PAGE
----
Most of software development is about solving problems. For some time now, I have been trying to work out whether there is a formula or strategy that can be taught about how to solve a problem. In pursuit of an answer, I cleared my day and shadowed Amitai, Gizra’s CTO, for a few good hours - hoping to learn something from it - and it was fascinating!

For most of the day Amitai was busy writing code in Elm. I don’t (yet) know Elm so I understood very little of the code, but the truth is, it didn’t matter - because I learned a lot about his way of working.

I’m not sure I’ve found an answer to how to solve a problem, but I certainly recognize some characteristics that are needed to become a better developer: great work processes, the right attitude, and staying humble. And because what I love most is to teach others what I have learned, here are my observations:

Without Shortcuts

Work in an orderly manner. Take small, but correct, steps. Focus on one thing, and don’t jump from one place to another. If you must leave a loose end, record it so you can easily go back at a later time. Write organized code with clear hierarchies, using clear names for variables and functions. Do not be stingy with comments to explain what the code does.


Document every step you take in GitHub, even if you are the only one working on the project, and no one else is going to read it. The documentation forces you to constantly be aware of your steps, and if you get lost, you can always go back and check what you have already tried and what you didn’t yet get to.

Write in a way that everyone can understand. Watching Amitai doing a code review helped me appreciate how hard it is to go inside another developer’s mind. Be kind, explain clearly what you did, attach screenshots when you submit a Pull Request - it makes life so much easier for others.

Don’t Believe Yourself

Even though you know you are a good developer, you can’t trust yourself without checking your work. Check your code again and again - see with your own eyes that the code is doing what you expect it to. Do this for small pieces of code, so it will be easier to identify where the problem is if the code does not work.

Don’t Panic (Get Discouraged) When Things Do Not Work

Problems are part of the journey and you need to believe that you can solve them. While Amitai was struggling with the code, I heard him say over and over sentences like “We will be there soon” and “Believe me we will reach the end … “. This is a sharp contrast to the usual sentences many of us easily say to ourselves: “This is not going well.", “This is too difficult for me.”, or “I’m not good enough for this task.”

I admit there were moments I thought he should have turned for help. I was very impressed by the fact that he didn’t even mention this options - it was clear he was going to figure it out. Guess what? In the end, he succeeded solving the problem.

Dare to Start over Again

We want to be good - the best we can. You worked hard, invested time and thought, but you’re not happy with what came out? Do you think you can do it better? Do not be afraid to throw everything out, and start over.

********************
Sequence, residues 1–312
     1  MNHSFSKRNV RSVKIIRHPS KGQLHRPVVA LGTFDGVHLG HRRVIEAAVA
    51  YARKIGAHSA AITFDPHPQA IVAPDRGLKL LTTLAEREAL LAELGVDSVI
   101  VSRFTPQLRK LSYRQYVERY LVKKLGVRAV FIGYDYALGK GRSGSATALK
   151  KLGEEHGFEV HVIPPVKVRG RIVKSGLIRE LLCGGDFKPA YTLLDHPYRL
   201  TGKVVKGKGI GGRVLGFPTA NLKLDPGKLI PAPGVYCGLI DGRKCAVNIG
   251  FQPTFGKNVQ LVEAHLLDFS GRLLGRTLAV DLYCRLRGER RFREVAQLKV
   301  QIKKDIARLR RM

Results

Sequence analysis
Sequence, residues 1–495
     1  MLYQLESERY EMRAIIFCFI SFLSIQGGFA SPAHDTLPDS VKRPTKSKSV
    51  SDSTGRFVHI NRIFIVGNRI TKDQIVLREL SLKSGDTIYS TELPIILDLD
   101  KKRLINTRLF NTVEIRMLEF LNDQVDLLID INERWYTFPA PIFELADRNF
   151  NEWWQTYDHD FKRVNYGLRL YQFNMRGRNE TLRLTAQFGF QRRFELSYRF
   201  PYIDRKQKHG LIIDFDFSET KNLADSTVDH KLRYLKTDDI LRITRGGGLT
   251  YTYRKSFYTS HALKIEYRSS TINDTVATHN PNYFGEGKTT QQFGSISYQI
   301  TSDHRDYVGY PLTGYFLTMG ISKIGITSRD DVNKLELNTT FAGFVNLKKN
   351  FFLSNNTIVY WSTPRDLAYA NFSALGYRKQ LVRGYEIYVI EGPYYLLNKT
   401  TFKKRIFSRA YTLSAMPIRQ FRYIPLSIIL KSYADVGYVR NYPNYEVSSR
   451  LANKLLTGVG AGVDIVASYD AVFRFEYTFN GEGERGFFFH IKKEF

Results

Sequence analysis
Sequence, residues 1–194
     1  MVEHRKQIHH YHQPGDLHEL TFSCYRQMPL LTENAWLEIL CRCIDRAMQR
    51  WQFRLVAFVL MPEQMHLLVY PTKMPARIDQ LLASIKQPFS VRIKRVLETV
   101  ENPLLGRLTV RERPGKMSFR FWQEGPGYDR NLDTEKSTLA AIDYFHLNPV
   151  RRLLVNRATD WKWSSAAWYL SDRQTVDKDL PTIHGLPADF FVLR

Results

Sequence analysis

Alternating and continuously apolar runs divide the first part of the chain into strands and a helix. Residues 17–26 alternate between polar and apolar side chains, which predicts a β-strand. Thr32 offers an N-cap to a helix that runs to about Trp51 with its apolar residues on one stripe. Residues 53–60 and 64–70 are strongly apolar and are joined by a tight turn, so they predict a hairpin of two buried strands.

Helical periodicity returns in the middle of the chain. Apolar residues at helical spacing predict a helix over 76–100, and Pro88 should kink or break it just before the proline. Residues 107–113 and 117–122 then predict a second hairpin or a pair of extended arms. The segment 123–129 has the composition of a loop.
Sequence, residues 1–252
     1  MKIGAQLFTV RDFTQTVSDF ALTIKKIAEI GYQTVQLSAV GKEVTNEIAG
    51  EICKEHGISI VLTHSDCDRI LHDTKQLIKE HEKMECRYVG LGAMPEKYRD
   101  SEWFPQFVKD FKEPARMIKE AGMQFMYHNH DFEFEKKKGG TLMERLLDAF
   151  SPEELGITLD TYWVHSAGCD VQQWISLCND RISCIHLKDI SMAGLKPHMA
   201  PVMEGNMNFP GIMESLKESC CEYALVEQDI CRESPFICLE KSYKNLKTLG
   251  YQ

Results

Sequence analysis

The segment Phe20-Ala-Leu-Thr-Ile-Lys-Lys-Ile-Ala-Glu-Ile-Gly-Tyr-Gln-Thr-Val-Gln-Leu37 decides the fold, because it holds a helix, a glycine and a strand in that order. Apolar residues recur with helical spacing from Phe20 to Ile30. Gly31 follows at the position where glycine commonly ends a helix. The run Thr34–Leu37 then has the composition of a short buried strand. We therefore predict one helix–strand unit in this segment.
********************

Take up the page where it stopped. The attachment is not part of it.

There are times it is not clear about how to approach a problem, but sometimes you just need to start. Then, you learn that you are on the wrong path. In such a case, you have to be brave to admit it, and bold to choose a new path.

This is exactly what needs to be done - without looking back, without regret about the time spent, without getting stuck on the previous path just because you already went there. Always keep an open mind, be willing to try and make a mistake, this is the best way to learn and grow. This is what success is made of.

Be Glad to Get Comments, It’s Free!

No one likes to get bad comments, and it may be frustrating to get them for every little thing, but I think it is necessary. If you want to be the best, this is something that you should not compromise on. This is a wonderful opportunity to get better, and I think people should be thankful that someone has taken the time to review their code carefully and write comments.

When I watched Amitai, I noticed that he wrote detailed and accurate comments (which I very much appreciate), but on the other hand, his compliments were general and only contained one or two words or just an icon. I brought this to his attention, because I believe that when someone does something well, they need to hear specific positive feedback to feel valued for their efforts. When it is warranted, there is no need to save on good words.

So this is an area Amitai has the chance to improve himself.

As I was saying, comments are a gift you should take with both hands! You also should enjoy the compliments. Did you receive positive feedback? Read it at least twice - it’s satisfying and you earned it!

To summarize, it was inspiring and an amazing learning experience to watch another person work. I highly recommend everyone do it at least once. Choose a good developer, ask to be their shadow for a few hours, come curious, ask them to verbalize what they are doing, take a good look, pay attention to the details, ask questions, write notes to yourself. I promise - you will learn a lot!